Democrat Jack Conway, attempting to take down his opponent for the U.S. Senate seat in Kentucky, Rand Paul, decided to go low. He employed a number of personal attacks including questions about Paul’s participation in a harmless, if bizarre college prank that had been the subject of a blatantly unfair article in Gentleman’s Quarterly. It was a desperate, mean, and unprofessional performance by Conway. Paul was obviously and understandably furious.
At the end of the debate, Paul rushed by Conway, ignoring his outstretched hand. I sympathize with him. I empathize with him. In the heat of the moment, having just had my opponent smear me on television with tales out of school—literally—I might have even done the same thing, though I hope not. Nevertheless, Paul rejected a vital ritual as well as a cardinal rule of civility in the political arena, where, as in the sporting arena, the handshake after the contest sends a symbolic message of reconciliation, forgiveness, respect, and most of all, professionalism.
The emphasis is on “symbolic.” The final handshake does not necessarily convey actual forgiveness or respect. After the nationally televised Vice-Presidential debate in which Sen. Lloyd Bentsen delivered a devastating and belittling personal insult to Dan Quayle , Quayle still mustered the civility and professionalism to shake Bentsen’s hand. I’m sure Quayle wanted to slug him, or spit in his eye. The handshake, however, sent a different, important and essential message:
“This isn’t personal. Whatever happens in the future, my actions will not be driven by personal vendettas, anger, hatred or bias. I will work with friends, strangers and political enemies alike, putting aside personal grudges and grievances, to seek and achieve what is best for the public good and our nation. By shaking my hand, you pledge to do the same.”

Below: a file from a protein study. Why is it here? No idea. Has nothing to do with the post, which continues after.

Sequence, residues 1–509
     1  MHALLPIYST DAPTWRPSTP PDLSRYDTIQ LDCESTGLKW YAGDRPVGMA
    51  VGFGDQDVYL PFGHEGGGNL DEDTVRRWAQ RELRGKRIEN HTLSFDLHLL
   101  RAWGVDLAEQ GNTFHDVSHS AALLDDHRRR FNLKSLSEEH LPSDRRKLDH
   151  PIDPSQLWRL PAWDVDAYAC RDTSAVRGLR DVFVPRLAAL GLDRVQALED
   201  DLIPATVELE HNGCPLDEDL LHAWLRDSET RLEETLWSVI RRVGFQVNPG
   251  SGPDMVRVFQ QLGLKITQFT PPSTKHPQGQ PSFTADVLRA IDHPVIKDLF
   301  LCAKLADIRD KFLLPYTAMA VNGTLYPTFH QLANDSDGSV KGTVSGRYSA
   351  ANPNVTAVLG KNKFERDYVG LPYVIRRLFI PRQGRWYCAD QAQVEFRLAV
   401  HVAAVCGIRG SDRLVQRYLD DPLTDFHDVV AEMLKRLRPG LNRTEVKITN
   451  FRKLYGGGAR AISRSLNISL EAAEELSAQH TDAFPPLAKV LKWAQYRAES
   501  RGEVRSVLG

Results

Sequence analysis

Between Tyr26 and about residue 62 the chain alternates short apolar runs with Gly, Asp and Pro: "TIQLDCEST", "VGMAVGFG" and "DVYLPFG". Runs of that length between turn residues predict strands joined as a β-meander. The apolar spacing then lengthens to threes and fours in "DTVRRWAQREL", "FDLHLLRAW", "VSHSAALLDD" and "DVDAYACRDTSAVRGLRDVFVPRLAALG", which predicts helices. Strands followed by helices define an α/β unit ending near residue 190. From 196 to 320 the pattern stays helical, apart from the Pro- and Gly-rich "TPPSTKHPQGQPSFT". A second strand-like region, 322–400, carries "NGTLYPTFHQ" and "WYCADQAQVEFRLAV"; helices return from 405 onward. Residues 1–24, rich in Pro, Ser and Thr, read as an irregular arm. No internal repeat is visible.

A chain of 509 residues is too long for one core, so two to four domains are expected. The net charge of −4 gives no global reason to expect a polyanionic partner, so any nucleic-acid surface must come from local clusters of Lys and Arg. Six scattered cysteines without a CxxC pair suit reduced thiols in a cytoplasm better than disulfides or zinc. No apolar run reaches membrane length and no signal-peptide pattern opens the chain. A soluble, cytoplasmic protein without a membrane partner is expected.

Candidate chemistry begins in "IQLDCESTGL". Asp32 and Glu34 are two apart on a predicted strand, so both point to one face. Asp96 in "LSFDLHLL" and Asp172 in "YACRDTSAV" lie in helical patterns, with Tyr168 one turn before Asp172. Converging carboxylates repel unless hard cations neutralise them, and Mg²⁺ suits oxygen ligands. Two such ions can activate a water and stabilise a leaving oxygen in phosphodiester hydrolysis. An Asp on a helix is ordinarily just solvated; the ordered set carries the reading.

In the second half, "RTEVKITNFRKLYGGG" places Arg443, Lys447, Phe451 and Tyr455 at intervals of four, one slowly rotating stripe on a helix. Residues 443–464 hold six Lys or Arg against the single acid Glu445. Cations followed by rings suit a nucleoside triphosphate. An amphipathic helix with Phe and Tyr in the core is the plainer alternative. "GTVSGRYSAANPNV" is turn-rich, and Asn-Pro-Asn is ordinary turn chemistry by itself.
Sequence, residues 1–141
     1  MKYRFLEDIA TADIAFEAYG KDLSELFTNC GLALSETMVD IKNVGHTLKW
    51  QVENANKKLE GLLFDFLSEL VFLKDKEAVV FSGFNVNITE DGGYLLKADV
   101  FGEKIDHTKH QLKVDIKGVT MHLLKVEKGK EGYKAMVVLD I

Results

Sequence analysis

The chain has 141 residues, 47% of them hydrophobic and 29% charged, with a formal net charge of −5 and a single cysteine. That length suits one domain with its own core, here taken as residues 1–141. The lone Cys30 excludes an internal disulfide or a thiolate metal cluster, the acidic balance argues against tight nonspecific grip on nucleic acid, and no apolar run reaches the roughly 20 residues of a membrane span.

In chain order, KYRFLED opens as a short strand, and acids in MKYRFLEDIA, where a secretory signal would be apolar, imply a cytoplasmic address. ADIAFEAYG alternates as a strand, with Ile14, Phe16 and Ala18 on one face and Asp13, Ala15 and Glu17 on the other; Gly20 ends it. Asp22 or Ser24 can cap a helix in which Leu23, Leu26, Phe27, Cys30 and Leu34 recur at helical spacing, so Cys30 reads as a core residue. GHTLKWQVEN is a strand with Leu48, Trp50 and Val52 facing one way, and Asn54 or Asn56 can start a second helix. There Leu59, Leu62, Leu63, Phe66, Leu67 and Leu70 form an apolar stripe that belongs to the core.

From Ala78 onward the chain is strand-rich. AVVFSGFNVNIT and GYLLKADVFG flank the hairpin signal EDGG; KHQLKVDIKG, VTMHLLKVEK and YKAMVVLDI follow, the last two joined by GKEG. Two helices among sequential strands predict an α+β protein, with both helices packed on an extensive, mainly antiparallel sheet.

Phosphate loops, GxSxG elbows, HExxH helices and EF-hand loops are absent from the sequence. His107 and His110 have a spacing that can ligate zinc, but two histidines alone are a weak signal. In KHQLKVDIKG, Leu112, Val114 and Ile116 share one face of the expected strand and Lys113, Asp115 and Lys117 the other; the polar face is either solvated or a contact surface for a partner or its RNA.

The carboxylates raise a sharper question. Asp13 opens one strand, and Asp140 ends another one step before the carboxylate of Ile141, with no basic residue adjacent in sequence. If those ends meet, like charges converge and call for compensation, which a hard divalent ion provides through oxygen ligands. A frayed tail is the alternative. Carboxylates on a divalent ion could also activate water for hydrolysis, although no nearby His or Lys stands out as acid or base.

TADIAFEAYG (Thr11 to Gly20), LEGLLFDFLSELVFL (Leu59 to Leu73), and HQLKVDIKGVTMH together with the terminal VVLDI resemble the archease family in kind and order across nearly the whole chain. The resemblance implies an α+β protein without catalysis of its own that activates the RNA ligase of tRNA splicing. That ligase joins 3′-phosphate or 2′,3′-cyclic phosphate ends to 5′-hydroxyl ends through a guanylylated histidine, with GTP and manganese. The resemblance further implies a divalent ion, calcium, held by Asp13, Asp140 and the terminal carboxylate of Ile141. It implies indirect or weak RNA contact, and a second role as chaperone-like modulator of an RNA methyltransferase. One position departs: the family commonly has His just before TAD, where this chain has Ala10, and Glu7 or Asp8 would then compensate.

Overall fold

Rand Paul couldn’t bring himself to send that message, and make that symbolic pledge with the ritual shaking of his opponent’s hand. The message that Paul’s conduct sent was that he will be a leader governed as much by emotions as principle, and that he is not professional in his approach to government. In Congress and in the Senate, the nation is paralyzed by its elected representatives’ unwillingness to compromise, be civil, collaborate, and work with colleagues whose positions, actions, words and personalities they oppose or even find offensive. Representative democracy doesn’t work under these conditions.
The toxic and uncivil environment in Washington isn’t the fault of Rand Paul, but what the country needs is more professionalism and civility, not more of the same. Rand Paul’s refusal to shake hands shows that he doesn’t understand the profession he is preparing to enter, and that he is likely to practice the politics of anger rather than the politics of reason.
Jack Conway’s performance was despicable, but it spoke for itself. Paul didn’t have to show Conway or viewers that he felt abused and was angry: they already knew that. What he did need to show voters was that he had the temperment, competence, focus and grace to rise above personal grievances to be a responsible and trustworthy leader.
He couldn’t bring himself to do it.